Business has a tremendously complicated relationship with improvisation – often preferring a mythological quest for risk-free management and ignoring the value of leaving room for improvisation.
I think it’s a fear of losing absolute corporate control (absolute control being another myth) and fear of mistakes. In fact, some companies spend so much money avoiding mistakes that the mere cost of doing business skyrockets to where its impossible to do new things. And by rewarding detailed planning over end results (usually implicitly rewarded through corporate politics), too many companies ensure that no one will take the risks necessary to drive new innovation.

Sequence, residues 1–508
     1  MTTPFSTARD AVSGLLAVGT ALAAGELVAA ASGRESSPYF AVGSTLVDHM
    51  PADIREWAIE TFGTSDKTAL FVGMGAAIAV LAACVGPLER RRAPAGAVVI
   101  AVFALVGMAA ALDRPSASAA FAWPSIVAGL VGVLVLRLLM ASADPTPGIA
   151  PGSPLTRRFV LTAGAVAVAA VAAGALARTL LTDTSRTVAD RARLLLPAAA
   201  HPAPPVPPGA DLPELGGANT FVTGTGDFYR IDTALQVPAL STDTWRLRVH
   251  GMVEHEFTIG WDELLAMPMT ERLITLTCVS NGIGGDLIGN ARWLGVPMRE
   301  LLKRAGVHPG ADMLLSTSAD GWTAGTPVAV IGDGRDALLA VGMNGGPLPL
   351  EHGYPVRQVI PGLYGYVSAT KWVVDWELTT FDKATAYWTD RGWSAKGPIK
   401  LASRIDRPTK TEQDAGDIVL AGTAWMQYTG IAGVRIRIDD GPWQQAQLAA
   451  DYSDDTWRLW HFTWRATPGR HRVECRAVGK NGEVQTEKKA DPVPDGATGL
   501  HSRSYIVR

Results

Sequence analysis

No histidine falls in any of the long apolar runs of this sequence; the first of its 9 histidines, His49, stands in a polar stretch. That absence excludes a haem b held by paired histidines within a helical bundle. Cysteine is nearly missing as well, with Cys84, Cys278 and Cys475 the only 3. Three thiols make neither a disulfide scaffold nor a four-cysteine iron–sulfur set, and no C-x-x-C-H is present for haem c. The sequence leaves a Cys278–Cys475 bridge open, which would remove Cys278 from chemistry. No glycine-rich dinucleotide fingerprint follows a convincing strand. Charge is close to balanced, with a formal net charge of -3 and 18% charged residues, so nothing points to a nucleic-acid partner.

So I was struck by a story about Jazz trumpeter Miles Davis. Miles and his band were on a road trip in the 1960s when one night the sax player trotted out a set of new solo licks and used them during the performance – flawlessly and perfectly. The report is that Miles was furious and chewed the guy out saying “I pay you to practice on the bandstand.”
Yes. Miles meant practicing in front of an audience. He meant making mistakes in public. And all this can be a very uncomfortable idea – especially if we don’t grasp it in context.
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